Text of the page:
Regions Bank Online Password Reset page.
If you use Regions you and have for years you know this picture was one of their earlier password reset forms.
They setup a "Personal Question" reset many years ago after this enter your Username, Card number and your PIN thing was used by so many scammers.
Guess what, it's 3-21-2016 and Regions has put back online the old easy to scam password reset.
Guess I'll be calling the 800 number to reset or visit my local branch.
I'm offering this as a public informational post.
Be sure you check the SSL Certificate every time you visit the site.
Be sure you know your browser is up to date.
Be careful when you offer enough information that anyone can take advantage of your account.
Last, be sure to always select methods that ask questions that only you would know and that are not related to login names or any usage of access to your account at the branch or online.
Here's a screenshot of the login password reset page.
Let me explain why this is a very poor regarding your security.
So now you need to click the SSL Certificate symbol in the address line and make sure it shows you the correct information. But this also has been known to be hacked.
So far, confirming the site is really the site can be spoofed. Let's drop into the questions to see if we can counter the scam site.
- Enter your Username:
Well this just setup the perfect scam, we know your username is only used online.
- Enter your Card Number:
If we are at a scam site the card number could be recovered, you might think it's useless but it doesn't take much to figure out your zip code based on your BIN number that's in your card numer. Expiration date could be an issue but that depends on how your card will be used. But that's not important now, what is important is your account online.
- Enter your Pin
Your pin is associated with your account and used at ATM's and debt purchases. It is a BIO question due to the fact it is your pin but the issue is the pin has real no security behind it, you can repeat numbers and it's limited to 4 digits which. But again, this isn't the main security issue.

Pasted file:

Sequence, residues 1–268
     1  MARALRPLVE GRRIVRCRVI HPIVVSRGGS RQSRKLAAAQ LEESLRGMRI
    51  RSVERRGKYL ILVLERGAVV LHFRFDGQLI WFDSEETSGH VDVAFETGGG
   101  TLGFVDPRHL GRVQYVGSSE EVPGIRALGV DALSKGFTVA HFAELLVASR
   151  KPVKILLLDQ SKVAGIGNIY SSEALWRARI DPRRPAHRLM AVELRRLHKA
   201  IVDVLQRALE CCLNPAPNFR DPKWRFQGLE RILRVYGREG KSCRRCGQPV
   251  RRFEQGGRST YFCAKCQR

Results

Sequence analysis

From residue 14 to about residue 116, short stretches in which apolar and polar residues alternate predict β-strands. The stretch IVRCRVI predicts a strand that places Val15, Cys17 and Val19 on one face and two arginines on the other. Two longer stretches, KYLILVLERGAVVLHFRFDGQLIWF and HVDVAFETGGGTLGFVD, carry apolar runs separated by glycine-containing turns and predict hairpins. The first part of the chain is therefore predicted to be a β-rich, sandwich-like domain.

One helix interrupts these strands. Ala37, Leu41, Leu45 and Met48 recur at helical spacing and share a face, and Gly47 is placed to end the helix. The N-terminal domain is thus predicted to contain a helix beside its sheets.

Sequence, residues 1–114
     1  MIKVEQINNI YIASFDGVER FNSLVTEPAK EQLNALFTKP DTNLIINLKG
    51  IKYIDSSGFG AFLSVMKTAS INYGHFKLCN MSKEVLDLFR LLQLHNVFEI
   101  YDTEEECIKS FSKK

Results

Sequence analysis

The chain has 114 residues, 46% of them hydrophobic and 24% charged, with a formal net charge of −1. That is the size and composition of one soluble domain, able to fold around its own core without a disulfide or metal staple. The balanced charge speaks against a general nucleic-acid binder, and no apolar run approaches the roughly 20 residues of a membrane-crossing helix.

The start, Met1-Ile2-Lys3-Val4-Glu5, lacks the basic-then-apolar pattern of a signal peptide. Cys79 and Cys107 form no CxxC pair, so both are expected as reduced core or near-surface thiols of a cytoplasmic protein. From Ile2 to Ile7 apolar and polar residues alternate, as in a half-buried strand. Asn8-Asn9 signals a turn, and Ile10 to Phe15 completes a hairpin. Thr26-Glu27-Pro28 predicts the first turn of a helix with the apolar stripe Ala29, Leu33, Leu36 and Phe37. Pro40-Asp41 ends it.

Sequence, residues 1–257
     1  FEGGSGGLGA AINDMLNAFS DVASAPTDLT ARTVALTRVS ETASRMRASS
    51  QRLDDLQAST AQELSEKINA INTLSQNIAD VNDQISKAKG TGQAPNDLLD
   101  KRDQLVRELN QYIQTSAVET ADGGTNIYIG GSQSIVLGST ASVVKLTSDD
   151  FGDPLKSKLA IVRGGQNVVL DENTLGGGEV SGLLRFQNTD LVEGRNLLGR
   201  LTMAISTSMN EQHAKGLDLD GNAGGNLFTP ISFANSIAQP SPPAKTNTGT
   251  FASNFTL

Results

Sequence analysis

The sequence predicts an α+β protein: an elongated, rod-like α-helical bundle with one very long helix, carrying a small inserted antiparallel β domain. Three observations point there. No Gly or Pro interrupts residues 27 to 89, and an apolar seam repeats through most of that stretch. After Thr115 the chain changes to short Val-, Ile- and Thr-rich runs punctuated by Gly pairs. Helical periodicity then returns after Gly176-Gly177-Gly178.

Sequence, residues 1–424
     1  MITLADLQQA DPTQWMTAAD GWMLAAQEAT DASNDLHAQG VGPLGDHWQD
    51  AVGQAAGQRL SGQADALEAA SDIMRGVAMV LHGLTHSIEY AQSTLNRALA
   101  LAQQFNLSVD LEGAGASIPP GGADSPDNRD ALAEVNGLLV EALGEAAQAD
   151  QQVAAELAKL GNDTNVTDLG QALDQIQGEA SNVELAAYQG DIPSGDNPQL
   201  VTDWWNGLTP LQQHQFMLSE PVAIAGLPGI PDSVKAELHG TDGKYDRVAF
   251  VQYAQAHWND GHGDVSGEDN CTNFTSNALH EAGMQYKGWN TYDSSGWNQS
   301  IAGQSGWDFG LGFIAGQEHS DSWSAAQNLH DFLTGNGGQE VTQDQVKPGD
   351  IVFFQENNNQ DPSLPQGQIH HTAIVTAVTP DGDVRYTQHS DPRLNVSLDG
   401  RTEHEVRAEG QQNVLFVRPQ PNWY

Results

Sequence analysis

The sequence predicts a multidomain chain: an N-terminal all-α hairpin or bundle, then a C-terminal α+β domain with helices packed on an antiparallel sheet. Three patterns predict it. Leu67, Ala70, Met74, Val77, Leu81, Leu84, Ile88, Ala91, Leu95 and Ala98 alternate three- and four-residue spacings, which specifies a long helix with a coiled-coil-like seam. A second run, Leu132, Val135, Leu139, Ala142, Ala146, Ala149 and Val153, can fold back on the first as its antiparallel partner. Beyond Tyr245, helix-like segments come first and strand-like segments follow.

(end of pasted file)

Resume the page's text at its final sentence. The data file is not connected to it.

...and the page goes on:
The main issue is your account password if you were spoofed into a phishing site could actually collect your valid information then wait a day, week, month or even a year to reset your password, login, transfer money and be off.
You might see an email from Regions notifying you that a password change had taken place and with all the other junk mail you get from the bank when you opt-out you might just delete it without reading it.
Here's the tip I suggested more than a decade ago.
Send me a Text, you have Account Alerts. Send me a PIN number to validate from my phone that I have actually requested a password reset.
If Google, Yahoo, Hotmail, Facebook, Twitter, MurrayW can send your phone a message giving you either a temporary password or a pin to enter then reset you would think the banking community would do the say.
Sadly it appears Regions has traded logic once again for phishing thought processes.
Please review how we do our banking.
Other suggestions were by Device connection, IP, Location etc. You might not know this but your Google login will email your GMail if you sign in from a different device that you have never used. It's often not noticed but I do, and I know if I told 1,000 people to always check the notice 100 would.
Protect your people as you would protect yourself. Don't allow your password reset to be the Number One in Phishing Sites Favorites.
In case you just don't get it; this type of password reset gives the phishing scammer everything they need to change your password online without access to your email account.
How it works. The Phishing site setups the same password reset page online.
They send out random emails saying anything from You Won to Your Account requires your attention and password change. It doesn't matter what is sent, the goal of the phisher is to trick you into visiting their custom page that looks like the password reset page.
For those that are tricked, you would enter your information then the fake site would redirect you to the correct site. The damage is done, you sent the scammer the information they were after and you might not even know it. If that's the case, you are relaxed just as they want it so you will never suspect when they change your password and login in to your account. Remember, your notification email address can also be changed.
Key to password reset success is to allow the users to setup the method they wish with custom questions, pin or temporary password to phone numbers or email addresses. It has to be a mix or it just doesn't work.
All the Best,